One thing that Obama has made very clear in his approach to war and peace: He abhors the prospect of uncontrolled escalation. (In this sense, he bears similarities to John F. Kennedy.) And, as he no doubt knows well, Syria isn’t Libya, where an embattled, isolated dictator was hanging on to power only with the aid of foreign mercenaries. Assad has the Syrian army fighting for him (minus a few high-ranking defectors); he has the support of several factions of the Syrian population, including Christians, who fear what might happen if the Muslim rebels—some of them radical Islamists—take power; and he receives aid, to varying degrees, from Russia, China, and Iran. Toppling Assad might mark not the end but merely a new chapter of a bourgeoning civil war.

As initial steps, Obama might respond to the line-crossing in ways that seem to restrict his commitment. He could supply the rebels with arms, or set up a no-fly zone, or bomb certain “high-value targets” of the regime, or any number of other possibilities. No doubt the Joint Chiefs of Staff have prepared a list of options, perhaps with boxes next to each, for the president to check “Yes” or “No.”

But any president who’s apprehensive about escalation—and any president who’s read the history of the Vietnam War, as Obama has—must be concerned that one step inexorably leads to another. What happens after the first step? What happens when the Syrians escalate in response? Who cleans up the mess after it’s over? How much will this venture, however well intentioned, cost in lives and dollars? Obama probably also knows that the senators urging him to take military action will shirk responsibility, and blame him for all the troubles, if Syria collapses or goes up in flames in the aftermath.

And yet, a red line is hard to ignore; that’s why it’s painted red. If someone crosses it after being warned not to, the one who issued the warning can’t just turn away. This is why leaders are reluctant to draw red lines; doing so forces them to take action, and sometimes it’s not so clear ahead of time whether action (or what sort of action) is warranted. But in the case of Syria using chemical weapons, the red line dilemma isn’t simply a matter of “perceptions” or upholding American “credibility.” It’s also a truly terrible step; it violates international law and every code of decency and security. If Assad is culpable (by reasonably high standards of evidence), it’s a bad idea on several counts to let him or his regime go unchallenged.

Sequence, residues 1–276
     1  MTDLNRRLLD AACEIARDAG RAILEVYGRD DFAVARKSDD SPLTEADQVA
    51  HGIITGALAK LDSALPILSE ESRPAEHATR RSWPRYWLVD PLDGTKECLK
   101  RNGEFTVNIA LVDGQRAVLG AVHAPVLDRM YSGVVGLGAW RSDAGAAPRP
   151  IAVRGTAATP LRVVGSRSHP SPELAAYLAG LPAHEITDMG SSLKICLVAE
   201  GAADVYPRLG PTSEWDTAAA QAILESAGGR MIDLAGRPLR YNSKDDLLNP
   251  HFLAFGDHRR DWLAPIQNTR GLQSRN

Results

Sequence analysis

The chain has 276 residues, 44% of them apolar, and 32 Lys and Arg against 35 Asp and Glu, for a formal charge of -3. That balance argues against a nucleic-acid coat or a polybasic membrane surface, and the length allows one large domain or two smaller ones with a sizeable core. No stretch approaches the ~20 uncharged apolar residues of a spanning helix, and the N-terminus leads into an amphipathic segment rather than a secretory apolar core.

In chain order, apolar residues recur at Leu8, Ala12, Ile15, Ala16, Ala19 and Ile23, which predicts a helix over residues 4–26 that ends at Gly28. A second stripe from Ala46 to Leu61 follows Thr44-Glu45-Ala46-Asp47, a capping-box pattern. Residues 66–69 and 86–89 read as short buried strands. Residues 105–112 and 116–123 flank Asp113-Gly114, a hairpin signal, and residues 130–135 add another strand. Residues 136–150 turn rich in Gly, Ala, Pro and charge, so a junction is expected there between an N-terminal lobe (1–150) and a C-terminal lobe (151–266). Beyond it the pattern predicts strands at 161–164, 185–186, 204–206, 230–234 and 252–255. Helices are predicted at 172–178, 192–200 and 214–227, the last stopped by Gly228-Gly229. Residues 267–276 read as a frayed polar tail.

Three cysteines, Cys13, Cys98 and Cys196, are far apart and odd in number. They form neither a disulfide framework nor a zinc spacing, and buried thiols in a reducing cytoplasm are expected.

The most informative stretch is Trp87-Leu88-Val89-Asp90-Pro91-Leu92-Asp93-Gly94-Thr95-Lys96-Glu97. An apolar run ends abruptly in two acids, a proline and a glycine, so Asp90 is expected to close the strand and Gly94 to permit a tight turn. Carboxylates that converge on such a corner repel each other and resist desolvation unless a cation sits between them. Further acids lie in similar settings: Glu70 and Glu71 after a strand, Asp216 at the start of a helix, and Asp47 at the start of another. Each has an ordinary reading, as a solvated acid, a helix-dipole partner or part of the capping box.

It may be that Obama is buying time—time to settle on a course of action, to coordinate it with allies in the region (Turkey, Jordan, and the Gulf states are crucial), to check whether the current evidence might alter the attitude of the Russians or Chinese (isolating Assad from his allies would make any action less risky, and a U.N. resolution would be useful, too), perhaps to probe and prod internal dissension within Assad’s entourage (a coup could preempt a world of pain). Maybe spies and diplomats are exploring all these possibilities. That would be good. Obama’s aversion to escalation is fully justified. But so were his warnings against Syria’s use of chemical weapons. These two instincts—the drawing of a red line and the reluctance to punish its crossing—are on the verge of clashing. He’ll have to do something, but he shouldn’t be rushed into doing it.